This is where research pays dividends. Check out rental prices on Rightmove and Zoopla for similar properties in your target area. Speak to local letting agents and see what tenants are willing to pay for properties similar to those you’re considering. If the figures don’t add up, go back to the drawing board.
This may sound like an odd thing to factor in, but we all spend ridiculous amounts of time online these days, so terrible broadband speeds will put off a lot of tenants. Town or city locations normally have reasonable broadband speeds, as the infrastructure is there to support super-fast broadband. But once you move out into rural areas, broadband speed drops off a cliff.
Check broadband speeds in your target area and make sure they are adequate. Otherwise, you have ruled out a significant number of potential tenants, who rely on super-fast broadband as a given.
Energy efficiency is also important. All properties are sold with an Energy Performance Certificate (EPC). Many buyers don’t pay much attention to this: they are more interested in broadband speeds and whether the décor is nice. But as a landlord, you should pay attention to the EPC. It tells you how energy efficient the property is and, therefore, how much it will cost a tenant to heat over winter.
The older the property, the more likely it will have a poor EPC. New guidelines came into effect in 2018. These state that rental properties must have an EPC value of E as a minimum. Any property rated F and below cannot be let to tenants.
If you have your eye on a derelict old terraced property with rotten windows and a dodgy roof, think twice unless you want to throw a lot of money at it.
The good news is that you can improve a property’s EPC value without spending a fortune on new windows and a new roof. Check out the loft insulation. If it’s inadequate, ram as much insulation as you can in there. 25% of a property’s heat is lost via the roof, so this makes a big difference. Switching out old lightbulbs for LED versions also helps.
Central heating boilers
Boilers are not terribly interesting, but they are important. Check out the boiler in any property you view. If it is more than 10 years old, budget for a replacement. Boilers must be serviced annually and if they break down, you can’t afford to hang around, they need to be fixed as a matter of urgency.
Older boilers tend to require more fixes and replacement parts. Sometimes, it’s cheaper to swap out an older boiler and replace it with a brand-new A-rated appliance that comes with a five-year warranty. Not only will it be cheaper to run, but it should also be more reliable.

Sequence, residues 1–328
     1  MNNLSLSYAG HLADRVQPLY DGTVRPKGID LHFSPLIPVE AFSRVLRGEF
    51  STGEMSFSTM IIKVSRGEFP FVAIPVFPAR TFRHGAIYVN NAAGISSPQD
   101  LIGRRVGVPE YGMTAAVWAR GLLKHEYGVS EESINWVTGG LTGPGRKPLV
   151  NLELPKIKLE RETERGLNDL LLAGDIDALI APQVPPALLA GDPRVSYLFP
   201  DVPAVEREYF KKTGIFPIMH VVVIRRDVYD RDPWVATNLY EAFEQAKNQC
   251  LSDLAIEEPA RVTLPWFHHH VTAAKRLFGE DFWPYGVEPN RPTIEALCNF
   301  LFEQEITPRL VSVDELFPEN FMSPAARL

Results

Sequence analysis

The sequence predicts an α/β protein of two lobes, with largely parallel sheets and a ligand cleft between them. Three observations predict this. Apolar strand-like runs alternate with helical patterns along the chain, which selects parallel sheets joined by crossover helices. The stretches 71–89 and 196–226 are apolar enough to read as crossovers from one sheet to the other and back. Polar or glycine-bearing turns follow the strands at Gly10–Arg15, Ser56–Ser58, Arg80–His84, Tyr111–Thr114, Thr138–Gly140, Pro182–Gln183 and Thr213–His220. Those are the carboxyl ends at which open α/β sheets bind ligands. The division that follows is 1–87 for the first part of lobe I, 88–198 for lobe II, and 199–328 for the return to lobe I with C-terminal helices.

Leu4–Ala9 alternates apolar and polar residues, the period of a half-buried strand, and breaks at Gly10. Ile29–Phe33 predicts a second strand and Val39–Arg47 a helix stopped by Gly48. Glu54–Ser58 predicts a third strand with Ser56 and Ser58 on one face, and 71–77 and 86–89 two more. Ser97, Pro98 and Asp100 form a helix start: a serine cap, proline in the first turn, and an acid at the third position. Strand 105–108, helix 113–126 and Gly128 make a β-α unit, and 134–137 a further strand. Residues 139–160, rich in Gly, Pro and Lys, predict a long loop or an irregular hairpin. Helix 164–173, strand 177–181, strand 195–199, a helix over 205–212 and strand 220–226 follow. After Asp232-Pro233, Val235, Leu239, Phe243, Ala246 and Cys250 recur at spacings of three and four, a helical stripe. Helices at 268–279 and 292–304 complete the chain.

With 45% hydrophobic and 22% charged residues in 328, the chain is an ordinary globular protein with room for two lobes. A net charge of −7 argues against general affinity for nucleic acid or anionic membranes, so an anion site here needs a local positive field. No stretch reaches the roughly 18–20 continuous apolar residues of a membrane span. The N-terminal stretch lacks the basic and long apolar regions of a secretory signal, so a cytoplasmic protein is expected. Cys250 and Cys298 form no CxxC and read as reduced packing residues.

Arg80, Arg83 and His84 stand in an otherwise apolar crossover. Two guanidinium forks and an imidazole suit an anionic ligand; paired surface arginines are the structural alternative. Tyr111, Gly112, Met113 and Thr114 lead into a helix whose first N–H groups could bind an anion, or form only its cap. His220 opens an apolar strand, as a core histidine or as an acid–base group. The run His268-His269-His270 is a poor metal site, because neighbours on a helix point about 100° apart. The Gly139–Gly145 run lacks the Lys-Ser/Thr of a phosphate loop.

Remember, tenants will want to minimise how much they spend on bills. A property with double-glazed windows and decent external doors, not to mention an energy-efficient boiler, will go a long way to attracting tenants, so it’s not money down the drain. In addition, any improvements you make all help to increase the property’s resale value, which we’ll discuss next.
Potential Resale Value
Whether you’re planning on making a long-term investment or not, think ahead to when you might need to sell the property.
For example, properties close to pubs, takeaways, and other commercial buildings are always harder to sell because mortgage lenders don’t like them, which shrinks your pool of potential buyers. On the other hand, most tenants or buyers will not want to live close to a noisy bar or takeaway.
Be sensible: would you want to live in the property? If there is anything that might put off potential buyers in the future, think twice before snapping up the property, even if it’s a great price.
You are much better off looking at properties in up-and-coming areas where values are likely to rise in the next five years or so. This represents an excellent capital investment.
Look for properties that only need cosmetic improvements if you want a bargain. This type of property is often overlooked because buyers tend to want a house or flat where they can move straight into without worrying about new carpets and decorating every room. If all it needs is some new flooring and a lick of paint, you’re on to a winner.
Negotiate on the Price
Always negotiate on the price. Since you are not emotionally invested in the property, you can afford to be tough and drive a hard bargain. Decide how much the property is worth to you after you have factored in the cost of improvements, etc. If the vendor isn’t willing to budge on their asking price, walk away. There are always other properties out there and you can afford to be patient.
Buying any property is stressful. Remember, take your time, approach the transaction from a business perspective, and don’t be swayed by estate agent sales patter. Their job is to sell you a property nobody else wants to buy, so if it looks too good to be true, it probably is!